Defendant's car was found and impounded.   The car's trunk contained a loaded .22 caliber pistol wrapped in a black plastic bag hidden inside a milk crate.   Only one casing had been expended inside the gun's cylinder.   A firearms criminalist found no malfunction that would have caused the gun to discharge accidentally without applying at least four pounds of pressure on the trigger.

At trial, defendant was acquitted of first degree murder.   The jury convicted him of second degree murder (§ 187, subd. (a)) and found true the special allegations of discharging a firearm (§ 12022.53, subds.(b)-(d)).  The court imposed a sentence of 40 years to life, 15 years to life for murder and 25 years to life for the gun use enhancement. (§ 12022.53, subd. (d).)  It stayed the remaining gun use enhancements. (§ 654.)   A $200 restitution fine (§ 1202.4, subd. (b)) and a $200 parole revocation fine were imposed, with the latter stayed.   Defendant was awarded 463 days of presentence custody credits.   This appeal followed.


 We view the evidence in a light most favorable to the judgment.   (Jackson v. Virginia (1979) 443 U.S. 307, 319, 99 S.Ct. 2781, 61 L.Ed.2d 560;  People v. Osband (1996) 13 Cal.4th 622, 690, 55 Cal.Rptr.2d 26, 919 P.2d 640;  Taylor v. Stainer (9th Cir.1994) 31 F.3d 907, 908-909.)



A. Section 12022.53, Subdivision (d), Enhancement ***B. Section 12022.53, Subdivisions (b) and (c), Enhancements

 At sentencing, the trial court imposed a 25-year-to-life term for the firearm enhancement under section 12022.53, subdivision (d).  On the same count, the court also imposed a 10-year term under subdivision (b) and a 20-year term under subdivision (c) of section 12022.53.   The trial court ordered the additional enhancements stayed pursuant to section 654.3  On appeal, defendant asserts the terms imposed under subdivisions (b) and (c) of section 12022.53 must be stricken.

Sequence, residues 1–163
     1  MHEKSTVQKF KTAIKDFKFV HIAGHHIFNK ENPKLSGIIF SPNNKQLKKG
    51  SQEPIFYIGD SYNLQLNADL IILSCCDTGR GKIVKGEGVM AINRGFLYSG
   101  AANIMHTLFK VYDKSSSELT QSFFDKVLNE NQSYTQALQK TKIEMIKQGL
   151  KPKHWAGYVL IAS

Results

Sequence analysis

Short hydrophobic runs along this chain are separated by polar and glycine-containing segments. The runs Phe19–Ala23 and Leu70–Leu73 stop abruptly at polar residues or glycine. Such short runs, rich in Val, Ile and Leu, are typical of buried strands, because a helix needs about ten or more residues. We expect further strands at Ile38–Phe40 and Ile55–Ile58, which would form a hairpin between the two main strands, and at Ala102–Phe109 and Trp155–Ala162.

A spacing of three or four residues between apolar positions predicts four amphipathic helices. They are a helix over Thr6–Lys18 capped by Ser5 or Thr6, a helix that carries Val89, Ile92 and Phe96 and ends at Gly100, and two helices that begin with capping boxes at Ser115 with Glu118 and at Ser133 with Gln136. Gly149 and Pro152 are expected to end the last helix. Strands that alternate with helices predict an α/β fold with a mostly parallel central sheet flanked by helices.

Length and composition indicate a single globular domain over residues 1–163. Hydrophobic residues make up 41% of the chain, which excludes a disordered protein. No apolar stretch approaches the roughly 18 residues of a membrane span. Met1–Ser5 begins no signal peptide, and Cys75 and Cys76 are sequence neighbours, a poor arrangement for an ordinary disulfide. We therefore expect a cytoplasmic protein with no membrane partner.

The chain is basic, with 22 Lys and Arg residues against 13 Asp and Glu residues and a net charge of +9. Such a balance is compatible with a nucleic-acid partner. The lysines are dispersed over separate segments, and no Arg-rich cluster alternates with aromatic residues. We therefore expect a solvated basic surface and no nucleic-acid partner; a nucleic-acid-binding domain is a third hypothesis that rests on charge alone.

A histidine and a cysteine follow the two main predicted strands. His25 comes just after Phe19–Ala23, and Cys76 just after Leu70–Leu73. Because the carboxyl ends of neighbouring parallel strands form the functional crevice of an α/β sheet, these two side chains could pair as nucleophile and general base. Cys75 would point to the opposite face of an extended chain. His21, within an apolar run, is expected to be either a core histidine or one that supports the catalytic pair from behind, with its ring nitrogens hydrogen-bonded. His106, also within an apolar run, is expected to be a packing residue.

At issue are two conflicting subdivisions regarding imposition of enhancements under Section 12022.53.   On the one hand, subdivision (f) of that section provides:  “Only one additional term of imprisonment under this section shall be imposed per person for each crime.   If more than one enhancement per person is found true under this section, the court shall impose upon that person the enhancement that provides the longest term of imprisonment.   An enhancement involving a firearm specified in Section 12021.5, 12022, 12022.3, 12022.4, 12022.5, or 12022.55 shall not be imposed on a person in addition to an enhancement imposed pursuant to this section.   An enhancement for great bodily injury as defined in Section 12022.7, 12022.8, or 12022.9 shall not be imposed on a person in addition to an enhancement imposed pursuant to subdivision (d).” (§ 12022.53, subd. (f), emphasis added.)   On the other hand, subdivision (h) of section 12022.53 provides:  “Notwithstanding Section 1385 or any other provision of law, the court shall not strike an allegation under this section or a finding bringing a person within the provisions of this section.” (§ 12022.53, subd. (h), emphasis added.)